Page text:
Why the standard in the Bundesliga this weekend was better than you might have expected
Despite no matches in two months and little training to prepare, the football on show in Germany revealed the advances of the modern game
Is it football? That’s up to the individual fan to decide.
The Bundesliga returned over the weekend to a mixed reception. Some decried football’s decision to come back and either turned their backs or watched on in open-mouthed horror. Others, who had been starved of the game for these past few months, just burst into tears of relief as the first kick-offs were taken.
In time, those positions might not soften, but the sense of oddity surely will. The thud of passes, the tinny goal-nets and the Sunday morning aesthetic will become a new normal. These are subjective times, but this form of the game is likely to be semi-permanent and the choice it presents is unfortunately rather stark: either get used to it, or don’t watch.
From a technical perspective, the Bundesliga still presented a flattering face over the weekend. One of the major concerns over its resumption, other than the obvious, was over the calibre of football. Instead of the brand that the league has built – speed, precisions, excitement - perhaps we’d be treated to Bundesliga-lite. Something more akin to the International Champions Cup, or the airy days of pre-season.
Thankfully not. There were certainly a few players who were rustier than others – Ademola Lookman will want to forget his afternoon against Freiburg and Schalke goalkeeper Markus Schubert will also have better days – but they were outliers, exceptions to an otherwise encouraging rule.
It was really interesting. We don’t know that much about the training preparations for these games, other than that social distancing regulations have been in effect, competitive sessions will have been at a minimum, and that friendly games against other clubs – obviously a staple of any pre-season schedule – haven’t been possible.
That’s the right context, too. Football has been on pause since the middle of March and the two-month break equates, roughly, to a normal summer recess. In returning, though, the game has been denied the privileges it usually depends on. No long conditioning programs, no warm-weather training, and – crucially – not nearly as much time with which to build or reconstruct the tenets of team football.
Consider, for instance, Borussia Dortmund’s first goal, scored by Erling Haaland. Or Borussia Monchengladbach’s second, tapped home by Marcus Thuram. At both their source and end points, those were moves which depended on perfect execution and slick timing and, by definition, should probably have been prohibited by the nature of the situation.
OH HOW WE'VE MISSED THIS GAME 😍Erling Braut Håland opens the scoring (of course he does) in fine style!#BundesligaIsBack pic.twitter.com/Th44Yp5rhJMay 16, 2020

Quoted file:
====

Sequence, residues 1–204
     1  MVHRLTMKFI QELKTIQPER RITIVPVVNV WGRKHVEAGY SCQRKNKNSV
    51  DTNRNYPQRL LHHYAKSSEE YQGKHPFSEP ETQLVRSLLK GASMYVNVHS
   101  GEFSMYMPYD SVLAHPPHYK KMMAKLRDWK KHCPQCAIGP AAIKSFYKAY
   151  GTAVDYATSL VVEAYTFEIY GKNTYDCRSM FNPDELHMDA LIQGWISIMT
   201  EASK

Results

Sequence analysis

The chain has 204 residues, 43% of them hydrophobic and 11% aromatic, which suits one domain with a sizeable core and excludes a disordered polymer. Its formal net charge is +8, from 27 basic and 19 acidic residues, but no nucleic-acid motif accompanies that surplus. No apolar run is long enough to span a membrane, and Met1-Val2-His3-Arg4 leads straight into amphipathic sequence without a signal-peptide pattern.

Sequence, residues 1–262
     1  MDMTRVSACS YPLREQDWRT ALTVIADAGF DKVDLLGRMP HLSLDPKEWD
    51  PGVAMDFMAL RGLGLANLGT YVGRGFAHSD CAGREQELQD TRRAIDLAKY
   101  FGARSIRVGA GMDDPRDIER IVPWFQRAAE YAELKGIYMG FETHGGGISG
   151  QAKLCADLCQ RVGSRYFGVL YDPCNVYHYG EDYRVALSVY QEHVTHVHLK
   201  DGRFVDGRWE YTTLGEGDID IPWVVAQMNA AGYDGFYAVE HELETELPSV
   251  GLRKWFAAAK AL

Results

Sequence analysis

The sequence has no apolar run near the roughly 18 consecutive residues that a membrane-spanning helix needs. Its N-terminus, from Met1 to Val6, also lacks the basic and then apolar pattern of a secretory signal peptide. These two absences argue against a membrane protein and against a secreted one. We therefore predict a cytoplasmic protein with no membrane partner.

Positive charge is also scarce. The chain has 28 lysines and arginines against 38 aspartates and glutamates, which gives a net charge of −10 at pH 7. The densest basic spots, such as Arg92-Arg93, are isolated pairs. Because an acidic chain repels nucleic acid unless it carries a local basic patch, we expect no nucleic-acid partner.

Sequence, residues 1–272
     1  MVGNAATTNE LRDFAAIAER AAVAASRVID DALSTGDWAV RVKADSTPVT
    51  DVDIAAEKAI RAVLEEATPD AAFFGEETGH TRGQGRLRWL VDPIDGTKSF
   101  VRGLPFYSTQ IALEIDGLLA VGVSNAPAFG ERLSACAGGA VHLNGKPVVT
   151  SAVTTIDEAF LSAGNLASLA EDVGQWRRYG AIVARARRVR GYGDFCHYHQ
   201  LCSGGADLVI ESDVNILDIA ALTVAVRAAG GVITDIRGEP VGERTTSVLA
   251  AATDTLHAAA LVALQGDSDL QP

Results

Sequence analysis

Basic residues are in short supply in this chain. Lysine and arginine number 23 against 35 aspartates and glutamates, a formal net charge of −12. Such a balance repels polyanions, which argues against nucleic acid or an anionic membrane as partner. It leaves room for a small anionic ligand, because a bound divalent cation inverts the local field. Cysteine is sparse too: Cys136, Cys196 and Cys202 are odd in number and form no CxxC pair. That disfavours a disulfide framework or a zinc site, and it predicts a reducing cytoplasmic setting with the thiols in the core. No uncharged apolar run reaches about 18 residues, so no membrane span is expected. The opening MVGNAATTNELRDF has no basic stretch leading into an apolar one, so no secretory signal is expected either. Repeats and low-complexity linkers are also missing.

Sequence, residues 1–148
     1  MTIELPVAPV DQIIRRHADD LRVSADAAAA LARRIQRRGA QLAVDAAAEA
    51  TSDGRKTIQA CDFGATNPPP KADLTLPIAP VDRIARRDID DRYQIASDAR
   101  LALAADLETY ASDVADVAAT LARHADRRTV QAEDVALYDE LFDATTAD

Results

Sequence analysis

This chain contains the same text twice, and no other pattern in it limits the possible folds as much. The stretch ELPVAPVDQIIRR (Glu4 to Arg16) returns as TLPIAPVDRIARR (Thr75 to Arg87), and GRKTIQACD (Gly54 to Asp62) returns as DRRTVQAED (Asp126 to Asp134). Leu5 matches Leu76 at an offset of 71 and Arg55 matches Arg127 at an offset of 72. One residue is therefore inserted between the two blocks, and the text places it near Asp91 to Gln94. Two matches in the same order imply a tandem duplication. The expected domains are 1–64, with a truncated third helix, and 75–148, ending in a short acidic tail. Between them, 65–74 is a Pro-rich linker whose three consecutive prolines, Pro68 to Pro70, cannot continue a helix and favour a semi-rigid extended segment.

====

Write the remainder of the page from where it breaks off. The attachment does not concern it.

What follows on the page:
To a lesser extent, the two headers Greuther Furth and Hamburg traded on Sunday in the first half of their Bundesliga2 game were further examples. They were instances, perhaps, where the expectation might have been for over or under-hit crosses or mis-timed runs. Instead: great delivery, sharp movement, and two really excellent finishes.
It’s worth contemplating that fluency in finer detail and appreciating what it implies. For the duration of lockdown, it would have been extremely difficult for clubs to regulate player conditioning. Further to which, while Bundesliga 1 and 2 clubs all returned to training on April 8 and had over a month of preparation, there’s an acknowledged difference between what can be gained from the training pitch and what’s needed on matchday. And that’s under the best of circumstances, which these certainly weren’t.
Because football is so fluid, it can be easy to overlook how dependent on sequences it often is. Earlier in the season, I spent time with Mark Molesley, the Weymouth head coach, and was allowed to attend a training session. Without breaking confidences, it was interesting for an outsider to watch the extent to which those kind of mechanics – for all intents and purposes, set-plays in open play – were worked on, and also to appreciate how difficult they must be to make work in the unpredictable climate of an actual match.
Which is why after such a long lay-off the expectation over the weekend should have been for something inferior. Or a bit more muddled. With more passes checking the stride of runners, for instance, and fewer passages of play that could help everyone to forget just how strange this all is.
Or forget for now, at least. As Jonathan Wilson observed for Sports Illustrated on Saturday, it will be some time before we know whether this football is safe and whether it’s prudent to continue in this format. He’s right; only time will tell.
But this was a victory for coaching and a positive comment on how well players have been able to adjust and assimilate. It was subtle testament to both the sport’s advancement and its technical cohesion, crediting the work of those stuck within its quarantined, sterile centre.
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Seb Stafford-Bloor is a football writer at Tifo Football and member of the Football Writers' Association. He was formerly a regularly columnist for the FourFourTwo website, covering all aspects of the game, including tactical analysis, reaction pieces, longer-term trends and critiquing the increasingly shady business of football's financial side and authorities' decision-making.
By Conor Pope
By Conor Pope